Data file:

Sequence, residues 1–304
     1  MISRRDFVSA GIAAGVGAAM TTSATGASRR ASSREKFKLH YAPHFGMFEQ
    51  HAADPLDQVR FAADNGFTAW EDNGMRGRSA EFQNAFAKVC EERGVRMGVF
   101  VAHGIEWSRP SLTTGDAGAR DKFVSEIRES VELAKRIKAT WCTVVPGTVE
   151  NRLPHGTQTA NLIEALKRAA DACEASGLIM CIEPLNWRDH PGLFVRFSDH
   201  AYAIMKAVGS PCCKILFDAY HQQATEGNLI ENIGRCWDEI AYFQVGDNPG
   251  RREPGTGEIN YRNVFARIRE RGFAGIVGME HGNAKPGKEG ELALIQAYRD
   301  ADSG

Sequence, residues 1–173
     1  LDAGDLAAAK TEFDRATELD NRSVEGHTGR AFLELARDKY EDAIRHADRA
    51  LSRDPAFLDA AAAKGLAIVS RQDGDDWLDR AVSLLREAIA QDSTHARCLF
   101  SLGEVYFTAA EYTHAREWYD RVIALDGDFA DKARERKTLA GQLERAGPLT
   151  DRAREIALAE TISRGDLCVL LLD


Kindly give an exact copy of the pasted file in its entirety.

Sequence, residues 1–304
     1  MISRRDFVSA GIAAGVGAAM TTSATGASRR ASSREKFKLH YAPHFGMFEQ
    51  HAADPLDQVR FAADNGFTAW EDNGMRGRSA EFQNAFAKVC EERGVRMGVF
   101  VAHGIEWSRP SLTTGDAGAR DKFVSEIRES VELAKRIKAT WCTVVPGTVE
   151  NRLPHGTQTA NLIEALKRAA DACEASGLIM CIEPLNWRDH PGLFVRFSDH
   201  AYAIMKAVGS PCCKILFDAY HQQATEGNLI ENIGRCWDEI AYFQVGDNPG
   251  RREPGTGEIN YRNVFARIRE RGFAGIVGME HGNAKPGKEG ELALIQAYRD
   301  ADSG

Sequence, residues 1–173
     1  LDAGDLAAAK TEFDRATELD NRSVEGHTGR AFLELARDKY EDAIRHADRA
    51  LSRDPAFLDA AAAKGLAIVS RQDGDDWLDR AVSLLREAIA QDSTHARCLF
   101  SLGEVYFTAA EYTHAREWYD RVIALDGDFA DKARERKTLA GQLERAGPLT
   151  DRAREIALAE TISRGDLCVL LLD